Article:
The age of popery’s greatest glory was the world’s midnight. I have not attempted to give an adequate description of that long reign of superstition and error preceding the reformation of the sixteenth century. Such is the particular province of ecclesiastical historians. I have simply confined the discussion to certain features essential to our present purpose.
One point of importance I have endeavored to impress, namely, that the papal hierarchy, with all its attendant evils, corruption, superstition, and spiritual despotism, was the logical successor of the Ante-Nicene church; that the ripened fruits of papalism were the direct results of the seeds of error planted in the second and third centuries. In view of this fact, one is led to inquire why true Christianity was not permanently buried in oblivion beyond the possibility of resurrection, how any reformation could be possible.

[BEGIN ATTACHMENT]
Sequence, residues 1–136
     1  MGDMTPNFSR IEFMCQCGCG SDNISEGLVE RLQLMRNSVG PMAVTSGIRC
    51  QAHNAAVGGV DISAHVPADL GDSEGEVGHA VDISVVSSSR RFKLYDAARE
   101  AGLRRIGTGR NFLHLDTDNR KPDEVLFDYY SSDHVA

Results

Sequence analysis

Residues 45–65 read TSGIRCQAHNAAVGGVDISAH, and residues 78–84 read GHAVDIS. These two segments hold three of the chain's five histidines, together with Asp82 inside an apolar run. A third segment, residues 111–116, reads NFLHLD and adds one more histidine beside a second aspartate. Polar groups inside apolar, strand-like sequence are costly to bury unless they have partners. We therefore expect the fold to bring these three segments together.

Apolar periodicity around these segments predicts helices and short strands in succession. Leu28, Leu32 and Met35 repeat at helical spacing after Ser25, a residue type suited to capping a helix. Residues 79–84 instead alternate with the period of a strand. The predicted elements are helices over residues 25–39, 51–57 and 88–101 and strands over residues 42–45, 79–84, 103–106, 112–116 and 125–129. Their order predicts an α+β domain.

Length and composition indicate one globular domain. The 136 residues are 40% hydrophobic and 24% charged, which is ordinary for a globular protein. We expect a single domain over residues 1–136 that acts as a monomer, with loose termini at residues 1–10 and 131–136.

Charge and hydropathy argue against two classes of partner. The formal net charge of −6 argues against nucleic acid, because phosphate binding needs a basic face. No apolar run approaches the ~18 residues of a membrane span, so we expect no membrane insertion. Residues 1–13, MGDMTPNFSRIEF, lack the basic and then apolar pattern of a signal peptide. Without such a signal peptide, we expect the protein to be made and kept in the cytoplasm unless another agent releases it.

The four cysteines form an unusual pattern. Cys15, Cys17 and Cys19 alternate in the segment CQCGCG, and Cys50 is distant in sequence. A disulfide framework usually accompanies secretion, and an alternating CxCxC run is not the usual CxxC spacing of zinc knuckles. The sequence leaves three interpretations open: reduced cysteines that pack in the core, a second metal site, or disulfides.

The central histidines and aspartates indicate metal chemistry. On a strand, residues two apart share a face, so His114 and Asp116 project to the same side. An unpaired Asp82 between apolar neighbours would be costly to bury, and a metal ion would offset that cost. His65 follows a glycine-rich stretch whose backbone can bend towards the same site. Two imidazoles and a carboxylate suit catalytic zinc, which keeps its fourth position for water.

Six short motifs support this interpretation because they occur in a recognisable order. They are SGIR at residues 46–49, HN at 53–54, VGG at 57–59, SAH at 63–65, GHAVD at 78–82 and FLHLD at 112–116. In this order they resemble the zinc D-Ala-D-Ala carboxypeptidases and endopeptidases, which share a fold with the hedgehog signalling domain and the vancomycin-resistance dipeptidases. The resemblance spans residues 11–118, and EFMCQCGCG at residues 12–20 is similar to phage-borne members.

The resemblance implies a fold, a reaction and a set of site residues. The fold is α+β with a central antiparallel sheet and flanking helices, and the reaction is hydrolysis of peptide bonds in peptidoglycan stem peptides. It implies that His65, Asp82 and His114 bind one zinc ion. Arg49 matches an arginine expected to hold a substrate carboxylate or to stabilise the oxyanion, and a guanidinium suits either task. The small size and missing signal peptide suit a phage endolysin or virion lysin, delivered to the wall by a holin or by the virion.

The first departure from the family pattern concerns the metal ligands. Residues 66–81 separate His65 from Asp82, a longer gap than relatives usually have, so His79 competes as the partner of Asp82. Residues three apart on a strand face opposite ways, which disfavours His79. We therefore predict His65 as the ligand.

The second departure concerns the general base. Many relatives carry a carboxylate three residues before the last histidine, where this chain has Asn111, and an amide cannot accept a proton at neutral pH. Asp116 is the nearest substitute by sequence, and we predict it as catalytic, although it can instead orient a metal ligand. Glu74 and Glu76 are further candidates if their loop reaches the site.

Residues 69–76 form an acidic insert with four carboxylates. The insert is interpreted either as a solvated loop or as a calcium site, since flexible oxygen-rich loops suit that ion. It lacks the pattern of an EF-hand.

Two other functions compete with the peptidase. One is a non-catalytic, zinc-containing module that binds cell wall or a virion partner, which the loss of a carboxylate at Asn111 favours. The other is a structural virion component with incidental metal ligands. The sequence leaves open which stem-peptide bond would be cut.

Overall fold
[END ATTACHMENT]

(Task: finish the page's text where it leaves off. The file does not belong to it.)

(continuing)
If Christianity were nothing more than a human religion, its reformation at such a period of decline and corruption would appear impossible. But Christianity was of divine origin. No matter how deeply it was buried under the rubbish of human tradition and superstition, no matter how grossly it was perverted and misunderstood by men, it still retained within itself the vital spark of divine life, the living principle of reformation.
[Sidenote: First cause of reformation]
The secret of this reformatory power was Jesus Christ himself, the great ever-living head of the church. Notwithstanding the decline of faith and morals among those professing Christ, the wonderful character of Jesus still stood out with remarkable clearness and power in the records of the New Testament and could not but exert a tremendous influence in spite of prevailing standards; could not but shed rays of light and warmth in the midst of the surrounding darkness. Although men’s ideas of the church became perverted, they could not entirely lose sight of the great Founder